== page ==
Washington, D.C.’s metro is having an embarrassing year, with a litany of track fires and safety threats bringing the transit system under national scrutiny and federal oversight and revealing a deteriorating system suffering from decades of neglect.
A fatal track fire in 2015 led federal officials at the Department of Transportation to initiate safety oversight of D.C. Washington Metropolitan Area Transit Authority (WMATA), marking the first time federal officials took control of a national transit system in history. The National Transportation Safety Board conducted a year long investigation into the deadly track fire, while the Federal Transit Administration (FTA) ran various inspections of tunnels, emergency procedures and employee actions.
The results revealed a troubling culture resulting from decades of safety negligence and improper repairs. WMATA leaders failed to make changes to safety threats stretching back to a 1982 derailment that left three people dead and twenty-five injured. The deadly 2015 fire stemmed from poor communication and a failure by workers to follow the required safety procedures.
During saftey inspections throughout April, inspectors with the FTA observed WMATA employees violating safety procedures on numerous occasions, putting themselves and commuters at risk. They found trains ignoring speed restrictions in tunnels and workers ignoring the “15-second ample time rule” as trains approach, sometimes jumping out of a train’s way with only seconds to spare.
It appears the years of neglected maintenance is finally catching up with the system. Track fires are becoming a regular occurrence, requiring several tunnel evacuations and station closures this year. Pressure on officials continues to mount, with Secretary of Transportation Anthony Foxx threatening a full system shutdown Tuesday if WMATA does not get its house in order.
As criticism boils over, we take a look at the worst disasters in 2016.
1. 29-hour closure of the entire metro system
In an unprecedented move that even caught Mayor Muriel Bowser off guard, WMATA General Manager Paul Wiedefeld initiated a 29-hour closure of the entire Metro system March 16, reeking havoc on the city’s commuters in the middle of a workweek. Commuters ride the metro roughly 725,000 times a day, a significantly large number to cut off from the service. A track fire earlier in the week prompted the now infamous closure, requiring maintenance workers to replace 600 jumper cables.
2. Track explosion closes two stations during Thursday rush hour
Seconds after a crowded commuter train pulled out of a D.C. metro station May 5 a track fire ignited, sending an explosion of sparks flying onto the platform and prompting officials to close down two stations. Federal officials were troubled with WMATA’s lackluster response to the fire incident. The FTA found officials responded slowly and misdiagnosed the mechanical failure which sparked the explosion.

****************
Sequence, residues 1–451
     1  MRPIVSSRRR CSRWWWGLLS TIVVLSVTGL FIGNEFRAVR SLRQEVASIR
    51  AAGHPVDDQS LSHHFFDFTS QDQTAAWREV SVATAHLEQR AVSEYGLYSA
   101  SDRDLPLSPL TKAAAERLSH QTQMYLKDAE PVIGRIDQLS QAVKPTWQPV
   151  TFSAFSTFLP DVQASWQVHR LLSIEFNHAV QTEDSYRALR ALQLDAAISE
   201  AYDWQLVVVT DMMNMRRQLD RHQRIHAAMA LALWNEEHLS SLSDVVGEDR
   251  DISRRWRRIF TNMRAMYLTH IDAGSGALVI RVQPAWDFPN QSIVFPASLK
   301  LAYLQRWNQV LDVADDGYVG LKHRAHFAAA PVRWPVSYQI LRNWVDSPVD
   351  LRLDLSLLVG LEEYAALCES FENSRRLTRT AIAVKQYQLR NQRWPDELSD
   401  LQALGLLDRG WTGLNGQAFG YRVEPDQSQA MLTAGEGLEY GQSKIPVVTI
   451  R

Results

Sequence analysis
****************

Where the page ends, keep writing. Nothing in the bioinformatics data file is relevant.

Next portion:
Federal inspectors requested the Rail Operations Control Center (ROCC) cut power to the line after the first track incident Thursday morning, however ROCC personnel denied the request until a second fire. For hours before the second fire, WMATA sent passenger-filled trains on the potentially dangerous track. The video of the shocking fireball says it all.
Federal Center SW DC Metro Station this morning. 2nd incident this afternoon forced station to be closed pic.twitter.com/jZ9aPuXaUf
— Tony Capra (@tcapra) May 5, 2016
3. Weekend track fire leads to evacuation after riders get trapped in tunnel
Metro passengers had to be evacuated off a train for the second time in under two weeks April 23 after a fire trapped riders in a tunnel near the Friendship Heights station. Passengers reported hearing a loud noise and seeing a flash, followed by the glow of flames in the tunnel. Smoke filled some of the trains as passengers were moved toward rear railcars. Riders blasted officials for poor communication, describing mass confusion in the smoke filled tunnel and people in tears, fearing for their lives.
“It was like chaos, and nobody knows what’s going on,” Sarah Alaoui, a passenger on the train, told The Washington Post. “Who knows what’s going to happen to you in a sealed off Metro in the tunnels when you hear an explosion? There was no information.”
4. New train gets stuck in a tunnel at Rosslyn station, riders evacuated
A new 7000-series Blue Line train lost power and got stuck in a tunnel outside the Rosslyn station, trapping up to 200 passengers in the tunnel for over an hour as crews attempted a rescue. All passengers were eventually safely evacuated from the tunnel.
“It was scary,” a passenger told Fox5. “Just sitting under the tunnel with nothing – no service, you can’t call nobody or nothing. Metro needs to get themselves together.”
5. Doors opening on the wrong side of tracks
In less than a two-week span in February, officials found three instances where train operators came into a station and opened the doors facing the tracks of trains moving in the opposite direction. In every case, the train operator was suspended and an investigation was opened. Opening doors on the wrong side of the platform has yet to cause any injuries, but forced WMATA officials to send an internal memo reminding operators to stay alert and keep safety as their top priority.
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